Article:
During exocytosis, formation of a fusion pore does not always lead to full exocytosis; in some cases, the fusion pore recloses in a process known as “kiss-and-run” exocytosis. This “kiss-and-run” process may be a method for cells to send a less than quantal signal and it also represents a more efficient vesicle recycling process. Recently, Ewing and coworkers showed that even during the full exocytosis process vesicles do not extrude all their content, in fact, only 40% of the vesicle is released during PC12 cell exocytosis.58 CFMA experiments show that midbrain neurons release dopamine multiple times from the same vesicle through this mechanism. Moreover, “kiss-and-run” exocytosis has also been observed in chromaffin, mast, and PC12 cells. While it is likely that swelling and dissociation of the intragranular matrix play a role in determining the fate of the fusion pore5,6 the species or processes that regulate whether a fusion pore reseals or dilates is currently unresolved.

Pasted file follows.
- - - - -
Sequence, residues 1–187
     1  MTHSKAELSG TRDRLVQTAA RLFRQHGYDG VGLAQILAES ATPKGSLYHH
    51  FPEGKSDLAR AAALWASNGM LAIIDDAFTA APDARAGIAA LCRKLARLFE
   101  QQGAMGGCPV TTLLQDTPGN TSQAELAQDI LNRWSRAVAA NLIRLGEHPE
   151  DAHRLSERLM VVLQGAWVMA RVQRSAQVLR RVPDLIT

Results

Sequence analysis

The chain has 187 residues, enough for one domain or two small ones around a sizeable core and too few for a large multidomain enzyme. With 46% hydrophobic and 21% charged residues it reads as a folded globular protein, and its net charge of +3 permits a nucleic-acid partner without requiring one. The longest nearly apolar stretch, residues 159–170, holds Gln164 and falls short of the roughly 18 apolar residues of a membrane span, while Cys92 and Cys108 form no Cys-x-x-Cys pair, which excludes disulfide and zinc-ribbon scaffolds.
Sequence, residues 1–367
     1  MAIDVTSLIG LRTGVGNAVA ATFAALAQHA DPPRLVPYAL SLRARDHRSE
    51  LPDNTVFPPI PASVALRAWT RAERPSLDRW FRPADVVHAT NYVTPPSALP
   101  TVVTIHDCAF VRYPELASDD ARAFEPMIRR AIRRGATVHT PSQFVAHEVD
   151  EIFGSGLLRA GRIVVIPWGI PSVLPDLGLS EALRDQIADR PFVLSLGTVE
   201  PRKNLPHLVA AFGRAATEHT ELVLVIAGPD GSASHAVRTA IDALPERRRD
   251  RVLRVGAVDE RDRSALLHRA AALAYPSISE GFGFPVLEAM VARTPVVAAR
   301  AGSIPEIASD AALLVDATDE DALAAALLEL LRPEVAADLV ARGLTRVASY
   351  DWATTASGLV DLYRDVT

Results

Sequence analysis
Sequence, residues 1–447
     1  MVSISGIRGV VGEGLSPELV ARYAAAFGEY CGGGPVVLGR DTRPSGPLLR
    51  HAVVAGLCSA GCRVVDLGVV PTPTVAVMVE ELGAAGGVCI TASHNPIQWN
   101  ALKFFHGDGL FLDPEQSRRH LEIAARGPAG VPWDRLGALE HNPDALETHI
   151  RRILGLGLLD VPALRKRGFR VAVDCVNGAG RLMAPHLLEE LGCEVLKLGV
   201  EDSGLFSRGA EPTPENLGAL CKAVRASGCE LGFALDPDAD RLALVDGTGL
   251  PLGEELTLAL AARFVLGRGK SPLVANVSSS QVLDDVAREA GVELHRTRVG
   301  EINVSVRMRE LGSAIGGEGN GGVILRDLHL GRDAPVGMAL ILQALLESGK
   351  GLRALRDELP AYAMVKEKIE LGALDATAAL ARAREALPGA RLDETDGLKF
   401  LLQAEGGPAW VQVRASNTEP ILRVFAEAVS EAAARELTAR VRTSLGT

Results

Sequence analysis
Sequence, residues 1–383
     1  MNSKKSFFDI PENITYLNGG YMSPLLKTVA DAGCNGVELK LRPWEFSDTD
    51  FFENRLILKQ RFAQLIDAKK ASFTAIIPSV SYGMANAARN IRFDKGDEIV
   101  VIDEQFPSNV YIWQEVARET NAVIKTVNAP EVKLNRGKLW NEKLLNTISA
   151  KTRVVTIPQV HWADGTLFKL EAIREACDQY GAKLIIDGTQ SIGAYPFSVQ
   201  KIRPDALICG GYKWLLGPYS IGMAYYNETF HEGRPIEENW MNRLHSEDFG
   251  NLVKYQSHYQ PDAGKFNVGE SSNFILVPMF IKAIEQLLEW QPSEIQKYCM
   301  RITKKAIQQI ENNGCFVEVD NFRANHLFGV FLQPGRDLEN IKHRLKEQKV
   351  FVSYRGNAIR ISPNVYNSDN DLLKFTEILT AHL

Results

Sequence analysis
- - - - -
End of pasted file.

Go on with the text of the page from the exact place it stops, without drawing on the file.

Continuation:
During fusion pore formation, the vesicular and plasma membranes fuse, mixing membrane components and distributing proteins that affect the physical and chemical properties of the membrane. Although the lipid and protein composition of the fusion pore is still under debate, CFMA results show that both membrane proteins and lipids influence exocytotic process. The previously mentioned SNARE proteins and their subgroups are often implicated in fusion pore formation models.Chapman and coworkers studied the exocytotic release from PC12 cells with genetically altered synaptotagmin using CFMA and concluded that a synaptotagmin-SNARE complex during exocytosis triggers formation of the fusion pore and sub-groups of synaptotagmin (I and IV) regulate the fate of that fusion pore.59 Amperomety studies accompanied by capacitance measurements on chromaffin cells60,61 demonstrated that both synaptotagmin I and VII may act as a Ca2+ sensor which regulates the fusion machinery and especially the later one increases the release through kiss-and-run exocytosis.M oreover, syntaxin (another SNARE protein) has been shown as a necessary component of fusion pore formation and exocytosis.59 Synaptobrevin and SNAP-25 are the other two SNARE proteins whose function in fusion pore formation and stability is studied.62,63